Waiting for us at the end of my husband’s year long deployment was a loving reunion embroidered with hints of tears, fears and relief.

It was also the beginning of the season of transition. A transition I had been uneasy about since I began hearing stories of other women who had husbands in military service.

The anticipation kept me awake at night wondering what might be on the horizon.

Would he adjust well?

Quickly or slowly?

How much space do I give him?

How will the kids adapt?

What will I do when I no longer have time to blog as often or I have to leave for school when I would rather be home?

What about all the things I picked up to fill my time? My book? Serving at church? How would my relationship with my kids change? What will people think when they get to know my husband? I’ve built an entirely new social life while he was away…

I was warned that there may be a power struggle between us.

We had some real issues before he left. Would it be like starting from scratch or would we carry the past hurt after all this time?

Surprisingly, the power struggle that so often accompanies military homecomings has occurred less during this transition than it had before his deployment. I still like to have my way and stomp my feet mind you, but I am more quickly inclined to pass the reigns to my hubby than I had ever been before.

Being concerned that your loved one may get blown up by a bomb on any given day tends to make the dirty socks under the dining room table look like not such a big deal.

I have a healthier perception of what is important, necessary, and considered an emergency. My patience has grown because of this.

I was more than happy to pass the leadership baton to Peter upon re-entry. He walked in saying that he wanted to sit back and ease slowly into my program. He did just the opposite.

He started leading!

Thank the Lord! Hallelujah! I have been praying for this for so long!

(Prior to now, however, I was holding the reins tightly in my own hands while screaming at him to take them)

In his absence I began to see the imbalance caused within a home when the father is not present. I saw this growing up in my own home but a child tends to block it out rather than consider the deeper effects of his absence.

I have now witnessed, as a wife and mother, the lack of direction that exists when the head of the home is away. The lack of obedience.

I give my children plenty of directions. I have plenty of vision which I share with them. I say the things that he says in the EXACT… SAME… WAY. Still, their response to him is different.

There is something about a father’s voice that in and of itself is a call to action.

Something I am incapable of reproducing.

(Which is why I don’t believe men or women should lead the church but the Father through them; only the Father has authority and we must learn His voice.)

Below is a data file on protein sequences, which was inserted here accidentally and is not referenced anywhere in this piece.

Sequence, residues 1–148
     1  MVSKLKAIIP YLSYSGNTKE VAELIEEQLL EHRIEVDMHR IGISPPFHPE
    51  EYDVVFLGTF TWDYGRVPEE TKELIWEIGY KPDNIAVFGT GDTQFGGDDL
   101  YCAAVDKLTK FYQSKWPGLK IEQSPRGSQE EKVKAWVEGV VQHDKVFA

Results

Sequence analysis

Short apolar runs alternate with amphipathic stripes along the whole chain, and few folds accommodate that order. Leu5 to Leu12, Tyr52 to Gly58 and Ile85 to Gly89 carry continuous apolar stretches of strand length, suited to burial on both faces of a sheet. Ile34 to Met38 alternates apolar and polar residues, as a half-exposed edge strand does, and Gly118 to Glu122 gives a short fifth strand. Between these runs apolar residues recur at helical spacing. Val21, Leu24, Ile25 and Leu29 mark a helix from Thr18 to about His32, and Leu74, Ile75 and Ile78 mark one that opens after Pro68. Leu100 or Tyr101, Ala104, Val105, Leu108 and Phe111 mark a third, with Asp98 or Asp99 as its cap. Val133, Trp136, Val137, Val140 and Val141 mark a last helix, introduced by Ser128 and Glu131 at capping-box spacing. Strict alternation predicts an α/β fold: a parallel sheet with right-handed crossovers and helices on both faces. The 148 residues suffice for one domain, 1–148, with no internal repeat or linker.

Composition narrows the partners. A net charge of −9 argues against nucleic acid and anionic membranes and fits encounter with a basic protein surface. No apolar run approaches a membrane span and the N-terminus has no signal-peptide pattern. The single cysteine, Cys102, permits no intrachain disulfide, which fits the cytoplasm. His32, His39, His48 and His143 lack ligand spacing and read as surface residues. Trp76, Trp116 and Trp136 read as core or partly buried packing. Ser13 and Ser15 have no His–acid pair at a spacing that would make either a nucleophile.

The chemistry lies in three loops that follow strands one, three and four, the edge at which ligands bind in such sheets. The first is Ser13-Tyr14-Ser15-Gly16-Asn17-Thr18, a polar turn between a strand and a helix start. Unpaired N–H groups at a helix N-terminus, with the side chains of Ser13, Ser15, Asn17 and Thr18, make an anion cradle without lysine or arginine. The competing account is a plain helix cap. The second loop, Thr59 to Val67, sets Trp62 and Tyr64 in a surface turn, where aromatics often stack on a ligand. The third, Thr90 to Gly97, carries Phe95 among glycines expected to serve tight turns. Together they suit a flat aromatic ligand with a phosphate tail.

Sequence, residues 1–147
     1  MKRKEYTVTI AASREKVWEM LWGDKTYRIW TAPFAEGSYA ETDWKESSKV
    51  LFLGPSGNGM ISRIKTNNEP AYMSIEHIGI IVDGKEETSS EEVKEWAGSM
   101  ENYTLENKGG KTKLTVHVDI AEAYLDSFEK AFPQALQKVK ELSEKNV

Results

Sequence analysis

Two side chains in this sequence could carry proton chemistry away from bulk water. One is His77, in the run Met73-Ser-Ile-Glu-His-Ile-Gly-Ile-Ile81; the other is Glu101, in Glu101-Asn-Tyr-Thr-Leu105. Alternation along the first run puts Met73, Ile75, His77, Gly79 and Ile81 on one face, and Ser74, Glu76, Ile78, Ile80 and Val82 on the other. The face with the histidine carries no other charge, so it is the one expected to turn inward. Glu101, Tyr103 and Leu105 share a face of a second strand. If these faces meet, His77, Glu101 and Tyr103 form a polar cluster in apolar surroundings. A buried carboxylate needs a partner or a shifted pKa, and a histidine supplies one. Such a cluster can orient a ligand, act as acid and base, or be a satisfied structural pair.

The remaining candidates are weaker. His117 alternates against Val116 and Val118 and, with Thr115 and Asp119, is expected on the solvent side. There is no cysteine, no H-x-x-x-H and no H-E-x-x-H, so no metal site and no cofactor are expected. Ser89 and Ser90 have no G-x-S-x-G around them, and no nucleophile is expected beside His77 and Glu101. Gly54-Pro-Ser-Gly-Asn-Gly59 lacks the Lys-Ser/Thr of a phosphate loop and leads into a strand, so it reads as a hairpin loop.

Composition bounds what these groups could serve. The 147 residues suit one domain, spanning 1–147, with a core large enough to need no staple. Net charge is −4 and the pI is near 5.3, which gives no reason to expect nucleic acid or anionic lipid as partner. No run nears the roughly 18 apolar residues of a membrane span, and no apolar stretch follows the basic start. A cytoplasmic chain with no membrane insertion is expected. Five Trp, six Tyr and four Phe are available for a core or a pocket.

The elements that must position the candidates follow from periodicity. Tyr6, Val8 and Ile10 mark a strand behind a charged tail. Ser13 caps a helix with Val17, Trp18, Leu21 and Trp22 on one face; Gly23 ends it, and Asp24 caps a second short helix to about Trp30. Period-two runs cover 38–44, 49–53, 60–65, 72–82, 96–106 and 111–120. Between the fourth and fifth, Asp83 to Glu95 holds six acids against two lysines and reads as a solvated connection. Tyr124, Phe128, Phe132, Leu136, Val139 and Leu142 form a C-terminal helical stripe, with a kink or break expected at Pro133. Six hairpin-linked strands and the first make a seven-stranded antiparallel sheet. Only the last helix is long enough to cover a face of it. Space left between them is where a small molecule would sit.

There was a point in time where I would become very frustrated and even angry about this.

“Why don’t they listen to me?!”

I would cry out around the house as the children disobeyed and ignored me. Some days I would drop to the ground and pray, hoping to find some peace so that my complaining wouldn’t do anymore damage. As some of you know I’ve had quite a struggle with complaining and yelling. (you can also read about that here and here)

That too has come to rest. I’ve got my leader back and I know I can trust him.

It’s easier to let go of control when you have a trustworthy leader.

When Peter looks at me squarely and says “we’re not going to yell in this house,” I know that even though I still struggle I have support in this endeavor.

We are in agreement.

Sameness of vision and is necessary for anyone to grow. My husband has also decided to drop the curse-words (a thing he has always leaned on for expressing himself.) He has decided to subject himself to a similar measure of control in that regard. No more cursing. We will support each other in this and we have been for the last several weeks.

As a team we have already come farther than was ever possible as the two unique entities we kept trying to be.

I battled constantly to control my mouth during our separation over this last year. I prayed. I talked about it. I wrote about it. I did my best to exercise self-control… But absolutely none of these things were sufficient when I was lacking accountability; when I was lacking a leader who I had chosen to follow and trust.

Perhaps the Lord gives us these leaders (our men) because we need them? Following Jesus in singleness is one thing, but when we enter into family with all the messiness and crazy good insanity it brings, we need a physical leader we can see and be accountable to help build us up in Christ. (this goes both ways of course)

So I am more than glad to share with you, my friends, that the missing piece to overcoming my struggle at home has finally returned. I can, and now do, more effectively keep myself from using my words as daggers and my attitude in a controlling way.

I can “let go and let God” more readily knowing my husband is here to support me in that.

I want to encourage all of you today to look to your spouse as the possible missing piece in your battle armor. We’ve got spiritual armor for sure and YES, put that on daily! But for the everyday struggle against flesh, even if it seems to be your spouse (hint: it’s often not them) we have an underutilized resource in our significant other.

Let yourself be led in humility in your marriage, regardless of your gender, so that you may be built up in your walk with Christ.

I have found this to be very pertinent factor in my own sanctification. I pray you do as well.

Your sister,

Monica

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